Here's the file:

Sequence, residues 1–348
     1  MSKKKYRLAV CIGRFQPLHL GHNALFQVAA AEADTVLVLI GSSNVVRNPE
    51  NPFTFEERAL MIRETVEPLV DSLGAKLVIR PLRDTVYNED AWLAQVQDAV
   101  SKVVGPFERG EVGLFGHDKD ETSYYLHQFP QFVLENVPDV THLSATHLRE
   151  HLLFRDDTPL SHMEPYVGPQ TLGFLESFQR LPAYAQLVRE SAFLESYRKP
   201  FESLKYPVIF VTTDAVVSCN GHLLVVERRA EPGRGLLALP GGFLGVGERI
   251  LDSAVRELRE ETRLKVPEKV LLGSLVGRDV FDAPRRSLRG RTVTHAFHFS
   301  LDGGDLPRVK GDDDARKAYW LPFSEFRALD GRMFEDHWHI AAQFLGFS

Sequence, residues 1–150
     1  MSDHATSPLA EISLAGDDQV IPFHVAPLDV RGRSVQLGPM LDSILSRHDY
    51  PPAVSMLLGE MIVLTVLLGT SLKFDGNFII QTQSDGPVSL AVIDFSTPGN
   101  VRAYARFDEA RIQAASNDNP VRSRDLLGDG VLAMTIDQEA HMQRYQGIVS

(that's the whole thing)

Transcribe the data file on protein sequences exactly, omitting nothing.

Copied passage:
Sequence, residues 1–348
     1  MSKKKYRLAV CIGRFQPLHL GHNALFQVAA AEADTVLVLI GSSNVVRNPE
    51  NPFTFEERAL MIRETVEPLV DSLGAKLVIR PLRDTVYNED AWLAQVQDAV
   101  SKVVGPFERG EVGLFGHDKD ETSYYLHQFP QFVLENVPDV THLSATHLRE
   151  HLLFRDDTPL SHMEPYVGPQ TLGFLESFQR LPAYAQLVRE SAFLESYRKP
   201  FESLKYPVIF VTTDAVVSCN GHLLVVERRA EPGRGLLALP GGFLGVGERI
   251  LDSAVRELRE ETRLKVPEKV LLGSLVGRDV FDAPRRSLRG RTVTHAFHFS
   301  LDGGDLPRVK GDDDARKAYW LPFSEFRALD GRMFEDHWHI AAQFLGFS

Sequence, residues 1–150
     1  MSDHATSPLA EISLAGDDQV IPFHVAPLDV RGRSVQLGPM LDSILSRHDY
    51  PPAVSMLLGE MIVLTVLLGT SLKFDGNFII QTQSDGPVSL AVIDFSTPGN
   101  VRAYARFDEA RIQAASNDNP VRSRDLLGDG VLAMTIDQEA HMQRYQGIVS